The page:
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The Red Dress Club: Resolution

Tuesday, 26 April 2011

Courtesy Wikimedia Commons

The phone rang. The clock read 11:23pm. It was the temple president.

“I’m sorry but the Board has decided not to renew your contract. (throat clearing) I’m sure that you’ve been waiting up so I wanted to let you know right away. (Um…) It was a unanimous decision.”

As it so happens, I had not been waiting up for news of my contract renewal. I had been assured by the members of my Professional Development Committee, some of whom sat on the Board of Directors of the synagogue, that I would certainly be renewed for another term of service.

“Yes. Yes, I understand. Thank you for letting me know. This must have been such a difficult telephone call for you to make. I’m so sorry that you had to do it.”

What else could I have said? I thanked him again and replaced the phone in its receiver.


The next morning, I went to work as if nothing untoward had happened. Which was a smart move as it appeared as though no one was aware that the associate rabbi had just been canned. The Board, in its infinite wisdom, had determined that sending an official letter to the congregation would do more harm than good. A decision that would be reversed one week later.

It was a strange experience; being at work and knowing that I wasn’t really wanted. At least, not wanted by some. Made all the stranger by the lack of communication to the members of the synagogue. After several days, of course, word had leaked and rumours began to spread. It was then decided that a letter ought to go out. A joint letter. One saying that my departure was a joint decision, shared by the Board and me.

I could not agree to that letter. I could not agree because it had not been a joint decision. In fact, it had not been my decision at all.

Consistent with tradition at Temple ****** that our Associate Rabbis serve our congregation for about five years, the Board of Directors in consultation with our senior Rabbi has determined that Rabbi Frummie’s term will conclude on June 30, 2004.

We thank her for her years of devoted service to our congregation, and wish her well in her future endeavours.

We want the congregation to know that we have begun our search for our new assistant Rabbi and we will keep you posted.

Leaving aside the glaring grammatical mistakes, the terse tone of the letter would later….much later…clarify what the nature of the relationship had been all along.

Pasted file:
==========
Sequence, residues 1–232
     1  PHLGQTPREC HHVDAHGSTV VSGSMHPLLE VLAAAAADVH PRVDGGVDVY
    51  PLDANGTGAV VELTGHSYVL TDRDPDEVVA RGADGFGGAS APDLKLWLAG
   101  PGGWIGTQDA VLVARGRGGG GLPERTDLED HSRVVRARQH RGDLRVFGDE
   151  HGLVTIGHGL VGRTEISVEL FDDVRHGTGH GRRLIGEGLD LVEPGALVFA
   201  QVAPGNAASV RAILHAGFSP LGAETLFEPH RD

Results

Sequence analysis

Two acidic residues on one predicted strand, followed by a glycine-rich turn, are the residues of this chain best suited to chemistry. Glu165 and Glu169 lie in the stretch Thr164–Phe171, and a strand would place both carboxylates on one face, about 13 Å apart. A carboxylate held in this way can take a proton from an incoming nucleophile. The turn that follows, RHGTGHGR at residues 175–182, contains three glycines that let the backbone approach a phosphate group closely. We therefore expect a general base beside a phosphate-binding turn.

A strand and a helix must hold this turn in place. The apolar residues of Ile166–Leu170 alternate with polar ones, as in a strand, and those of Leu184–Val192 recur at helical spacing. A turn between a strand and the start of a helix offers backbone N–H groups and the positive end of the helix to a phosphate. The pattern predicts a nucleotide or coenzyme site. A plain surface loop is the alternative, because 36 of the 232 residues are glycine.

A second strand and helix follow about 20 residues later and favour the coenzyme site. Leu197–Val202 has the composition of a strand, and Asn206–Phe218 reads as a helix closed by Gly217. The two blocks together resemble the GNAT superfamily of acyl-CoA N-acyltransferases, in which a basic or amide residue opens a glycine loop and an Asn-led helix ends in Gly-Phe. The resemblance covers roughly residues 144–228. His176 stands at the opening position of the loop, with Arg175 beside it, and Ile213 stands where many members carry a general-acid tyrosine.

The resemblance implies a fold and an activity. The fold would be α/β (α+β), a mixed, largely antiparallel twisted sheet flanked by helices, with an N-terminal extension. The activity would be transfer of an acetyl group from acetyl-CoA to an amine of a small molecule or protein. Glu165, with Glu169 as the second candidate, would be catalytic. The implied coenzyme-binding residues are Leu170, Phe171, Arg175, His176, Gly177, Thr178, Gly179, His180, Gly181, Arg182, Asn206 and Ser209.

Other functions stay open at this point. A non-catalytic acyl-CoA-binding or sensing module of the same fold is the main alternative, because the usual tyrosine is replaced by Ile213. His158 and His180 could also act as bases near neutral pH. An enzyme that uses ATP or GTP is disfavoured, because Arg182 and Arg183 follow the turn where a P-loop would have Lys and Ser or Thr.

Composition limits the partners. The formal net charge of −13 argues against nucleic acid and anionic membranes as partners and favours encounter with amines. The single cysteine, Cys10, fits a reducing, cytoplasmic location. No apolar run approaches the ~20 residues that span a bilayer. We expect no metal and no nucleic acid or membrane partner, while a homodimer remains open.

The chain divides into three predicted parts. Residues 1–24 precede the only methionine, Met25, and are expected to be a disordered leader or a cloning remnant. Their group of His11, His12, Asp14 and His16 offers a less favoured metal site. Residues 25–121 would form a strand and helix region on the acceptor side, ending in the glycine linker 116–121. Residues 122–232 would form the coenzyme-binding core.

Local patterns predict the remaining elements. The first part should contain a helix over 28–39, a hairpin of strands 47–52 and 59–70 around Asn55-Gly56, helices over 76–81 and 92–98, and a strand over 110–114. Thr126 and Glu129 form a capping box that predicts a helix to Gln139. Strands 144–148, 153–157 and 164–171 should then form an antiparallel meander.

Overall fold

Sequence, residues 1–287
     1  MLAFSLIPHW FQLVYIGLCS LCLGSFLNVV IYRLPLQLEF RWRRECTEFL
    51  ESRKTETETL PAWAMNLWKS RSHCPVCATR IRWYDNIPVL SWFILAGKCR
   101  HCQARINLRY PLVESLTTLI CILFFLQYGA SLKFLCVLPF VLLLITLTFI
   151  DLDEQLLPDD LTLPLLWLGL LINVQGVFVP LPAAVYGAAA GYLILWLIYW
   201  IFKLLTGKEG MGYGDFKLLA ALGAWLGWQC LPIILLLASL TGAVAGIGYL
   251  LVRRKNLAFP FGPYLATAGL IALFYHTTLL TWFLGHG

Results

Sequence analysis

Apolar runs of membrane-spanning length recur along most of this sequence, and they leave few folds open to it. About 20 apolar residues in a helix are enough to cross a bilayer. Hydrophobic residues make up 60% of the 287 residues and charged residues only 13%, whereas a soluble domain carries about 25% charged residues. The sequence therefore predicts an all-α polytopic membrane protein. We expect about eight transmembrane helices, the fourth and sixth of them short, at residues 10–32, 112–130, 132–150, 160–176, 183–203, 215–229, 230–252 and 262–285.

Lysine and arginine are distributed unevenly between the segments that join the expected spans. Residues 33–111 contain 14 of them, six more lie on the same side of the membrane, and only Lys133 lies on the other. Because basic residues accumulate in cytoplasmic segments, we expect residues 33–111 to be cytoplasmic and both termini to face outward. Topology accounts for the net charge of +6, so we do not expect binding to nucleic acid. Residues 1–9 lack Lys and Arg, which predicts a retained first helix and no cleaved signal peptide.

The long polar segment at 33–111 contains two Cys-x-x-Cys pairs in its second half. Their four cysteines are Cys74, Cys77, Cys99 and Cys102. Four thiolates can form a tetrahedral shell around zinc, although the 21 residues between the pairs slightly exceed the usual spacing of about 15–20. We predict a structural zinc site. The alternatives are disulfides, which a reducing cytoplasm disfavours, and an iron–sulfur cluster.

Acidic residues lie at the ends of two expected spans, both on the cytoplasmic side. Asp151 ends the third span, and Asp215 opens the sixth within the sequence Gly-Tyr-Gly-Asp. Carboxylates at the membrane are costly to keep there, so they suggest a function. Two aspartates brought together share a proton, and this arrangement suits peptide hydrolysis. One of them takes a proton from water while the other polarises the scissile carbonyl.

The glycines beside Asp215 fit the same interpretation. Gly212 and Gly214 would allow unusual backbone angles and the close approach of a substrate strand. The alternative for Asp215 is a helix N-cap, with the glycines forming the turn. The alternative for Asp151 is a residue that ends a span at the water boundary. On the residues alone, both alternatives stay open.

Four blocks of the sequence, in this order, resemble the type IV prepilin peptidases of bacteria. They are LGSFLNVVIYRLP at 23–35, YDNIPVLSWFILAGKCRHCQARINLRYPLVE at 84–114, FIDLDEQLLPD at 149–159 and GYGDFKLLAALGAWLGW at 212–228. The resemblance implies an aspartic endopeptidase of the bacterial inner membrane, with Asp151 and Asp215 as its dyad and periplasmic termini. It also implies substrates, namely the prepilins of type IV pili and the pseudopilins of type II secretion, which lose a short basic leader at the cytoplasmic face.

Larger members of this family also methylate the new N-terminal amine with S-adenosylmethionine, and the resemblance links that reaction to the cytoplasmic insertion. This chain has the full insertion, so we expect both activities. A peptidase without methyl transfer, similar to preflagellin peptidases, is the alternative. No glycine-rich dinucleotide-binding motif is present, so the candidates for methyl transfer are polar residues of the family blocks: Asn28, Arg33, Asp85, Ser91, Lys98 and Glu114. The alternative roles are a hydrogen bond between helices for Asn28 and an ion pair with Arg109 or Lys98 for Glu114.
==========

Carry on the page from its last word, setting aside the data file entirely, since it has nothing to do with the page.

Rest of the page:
For the next six months, I remained at the synagogue, fulfilling both my contract to the synagogue as well as the covenental promise I’d made with God on 16 May 1999. In that time, I learned several things:

  • Platitudes (e.g. “you’ll see, this is a blessing in disguise” and “it’s meant to be”) are helpful not to the person who is hurting, but clearly make the other person feel a whole lot better. “When the Lord closes a door, somewhere He opens a window” might have been awfully reassuring to Maria, but it made me feel like crap.
  • Unanimous doesn’t always mean unanimous.
  • Friends don’t abstain from the vote.
  • Holding one’s head up and acting with grace, while damn-near impossible at times, is the best way to handle such adversity.


Nearly seven years have passed. I have been gone longer than I was there. It remains one of the most painful experiences of my life.

And I am…now…grateful that it happened. It allowed me to come home.

Remembe(RED) is a memoir meme. This week, we were asked to recall an experience that seemed terrible at the time, but turned out to be something positive. In 600 words or fewer. As always, constructive criticism is welcomed!

32 Comments leave one →
  1. Tuesday, 26 April 2011 12:31 am

    As you know I worked in the field, albeit not in the same position and I think that at times we do a terrible job with our staff. Doesn’t matter whether they are clergy, professional staff or what- we treat them poorly.

    Why? Because we let lay people run things. We let influence be subject to things that are not always consistent….

    I’ll end my rant- you did an excellent job of laying this out.

    • Frume Sarah permalink*
      Tuesday, 26 April 2011 11:04 pm

      Thanks, Jack. I know that, sadly, you speak from experience.

  2. Tuesday, 26 April 2011 4:50 am

    It is interesting how these types of situations only make us stronger. Good for you to show a brave face and get through the next six months with grace. Sad that your leadership did not acknowledge your hard work and dedication over the years and chose to write a “corporate” style letter instead.

    Looks like I could have a nice conversation with your friend Jack, LOL. We should all have coffee sometime. 🙂

    • Frume Sarah permalink*
      Tuesday, 26 April 2011 11:06 pm

      I agree. The letter felt like a slap in the face. But at the time, I was just so relieved that a letter was finally sent AND that it wasn’t being called a joint decision.

      And yes, we’d have much to share during such an outing 😉

  3. Tuesday, 26 April 2011 5:33 am

    Ugh! You had to stay on SIX more months? Those backstabbing little cretins! But you are right–to face such a situation with dignity definitely shows people (and you) what you’re made of.

    • Frume Sarah permalink*
      Tuesday, 26 April 2011 11:08 pm

      Six months is industry-standard, as they say. It gives enough time for the rabbi to search for a new position and for the congregation to search for a successor. As it so happens, I am in the six month period right now as I prepare to leave my amazing synagogue.

      And boy, it is a different ball of wax this time ’round.

  4. Tuesday, 26 April 2011 6:06 am

    I REFERENCED THE SOUND OF MUSIC TOO! Sorry. I had to shout that! Great minds and all.

    It sucks to feel like you’re not wanted somewhere. Totally. And you’re right–friends don’t abstain from voting.

    • Frume Sarah permalink*
      Tuesday, 26 April 2011 11:18 pm

      And yet a completely different part of the musical 😉

      The truth is that I don’t believe in abstaining from a vote with one exception; absence. As in, “I was absent from last month’s meeting and therefore must abstain from the vote to pass the minutes from said meeting.”

      Otherwise, have some guts and make a decision.

  5. Tuesday, 26 April 2011 6:20 am